Substituted service was permitted against Yung, who had moved to Hong Kong, although this did not take place until 2013.

The defendants sought to bring a third-party claim against their original lawyer, which was dismissed by Pattillo in a summary judgment motion.

In finding that the two-year limitations period was absolute and began when the first defendant was served, he relied on a 2015 ruling by Justice Paul Perell in Miaskowski v. Persaud.

“It would be a rare case that a defendant would not know the parties against whom to claim contribution and indemnity. Moreover, two years is ample time to exercise due diligence to determine whom should be sued after being served with the plaintiff’s statement of claim,” wrote Perell in that case.

The Court of Appeal noted there was a “split” in the Superior Court in its decisions on this issue. But it found that the Limitations Act is an “integrated legislative scheme” that if it is warranted on the evidence, would not impose an absolute time limit on filing a contribution and indemnity claim.

“There is an element of injustice in using a limitation period to deny a claim that could not have been discovered with reasonable diligence and the court should be reluctant to adopt a legislative interpretation that permits the possibility of such an injustice, unless that is the outcome clearly dictated by the legislation. In my view, that outcome is not clearly dictated by s. 18. On the contrary, the opposite outcome is indicated,” Paciocco wrote.

As well, the Court of Appeal indicated that the motions judge made an error in his interpretation of the term “first alleged wrongdoer” in section 18 of the statute and then finding that the limitations clock against Yung for a third-party claim started at the same time as Lai, even though he was not served until two years later.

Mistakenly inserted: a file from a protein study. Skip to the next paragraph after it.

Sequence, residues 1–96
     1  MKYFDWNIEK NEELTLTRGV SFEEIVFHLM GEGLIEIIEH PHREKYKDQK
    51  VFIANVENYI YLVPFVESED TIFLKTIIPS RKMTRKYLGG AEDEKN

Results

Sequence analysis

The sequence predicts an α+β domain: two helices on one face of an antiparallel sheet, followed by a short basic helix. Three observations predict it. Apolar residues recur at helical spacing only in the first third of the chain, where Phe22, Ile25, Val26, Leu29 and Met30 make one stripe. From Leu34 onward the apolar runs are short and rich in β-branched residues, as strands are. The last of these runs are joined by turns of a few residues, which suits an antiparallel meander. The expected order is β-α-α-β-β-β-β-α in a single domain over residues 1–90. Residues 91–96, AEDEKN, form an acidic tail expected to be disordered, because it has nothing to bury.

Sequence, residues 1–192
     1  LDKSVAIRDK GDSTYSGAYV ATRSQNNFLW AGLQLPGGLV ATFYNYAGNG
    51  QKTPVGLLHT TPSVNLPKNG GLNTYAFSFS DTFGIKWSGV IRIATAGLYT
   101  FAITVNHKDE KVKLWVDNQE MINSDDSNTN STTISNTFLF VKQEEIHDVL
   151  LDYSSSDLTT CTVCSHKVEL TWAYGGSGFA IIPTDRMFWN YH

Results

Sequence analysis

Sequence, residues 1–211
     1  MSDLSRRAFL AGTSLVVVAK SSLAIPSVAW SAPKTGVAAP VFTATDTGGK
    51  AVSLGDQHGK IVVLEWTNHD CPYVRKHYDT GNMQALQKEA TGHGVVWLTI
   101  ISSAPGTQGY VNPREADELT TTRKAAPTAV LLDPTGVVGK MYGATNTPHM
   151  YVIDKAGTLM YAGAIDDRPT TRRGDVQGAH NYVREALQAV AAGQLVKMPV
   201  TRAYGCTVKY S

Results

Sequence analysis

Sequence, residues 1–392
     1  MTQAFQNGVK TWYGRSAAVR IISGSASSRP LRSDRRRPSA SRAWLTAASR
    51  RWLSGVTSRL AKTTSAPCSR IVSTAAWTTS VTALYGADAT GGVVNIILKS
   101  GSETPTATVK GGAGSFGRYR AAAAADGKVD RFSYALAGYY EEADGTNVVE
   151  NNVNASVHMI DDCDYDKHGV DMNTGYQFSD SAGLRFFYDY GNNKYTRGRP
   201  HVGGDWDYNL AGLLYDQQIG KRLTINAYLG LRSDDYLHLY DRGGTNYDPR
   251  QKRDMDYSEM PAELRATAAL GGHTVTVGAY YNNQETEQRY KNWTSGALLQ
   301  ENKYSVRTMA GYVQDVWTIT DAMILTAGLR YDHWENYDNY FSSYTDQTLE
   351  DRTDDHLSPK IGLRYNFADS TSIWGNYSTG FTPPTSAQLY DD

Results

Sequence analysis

“Properly understood, this is not a reference to the first wrongdoer to be served by a plaintiff in a case involving multiple wrongdoers. The term “first alleged wrongdoer” is meant to identify which of the two wrongdoers already mentioned in s. 18 – the wrongdoer claiming contribution and indemnity and the wrongdoer that the contribution and indemnity claim is brought against – is being referred to in the balance of s. 18,” stated Paciocco.

Free newsletter

Our newsletter is FREE and keeps you up to date on all the developments in the Ontario legal community. Please enter your email address below to subscribe.

Recent articles & video

Seven new judges join Ontario Court of Justice

Right of first refusal not 'eviscerated' by discouraging rights holder: Ontario Court of Appeal

Assess witness by age at testimony on events that occurred during childhood: Ontario Court of Appeal

Ontario government seeks to cut red tape with modernized legislation

Nominate now for Canada's top legal professionals!

LSO and federation push Metrolinx to find alternative to new subway station on Osgoode Hall property

Most Read Articles

Lawyers may ask courts to invalidate their retainer agreements: Ontario Court of Appeal

Buyer who failed to complete property purchase not entitled to return of deposit: Ontario court

Ontario Court of Appeal upholds summary dismissal of malicious prosecution lawsuit

LSO and federation push Metrolinx to find alternative to new subway station on Osgoode Hall property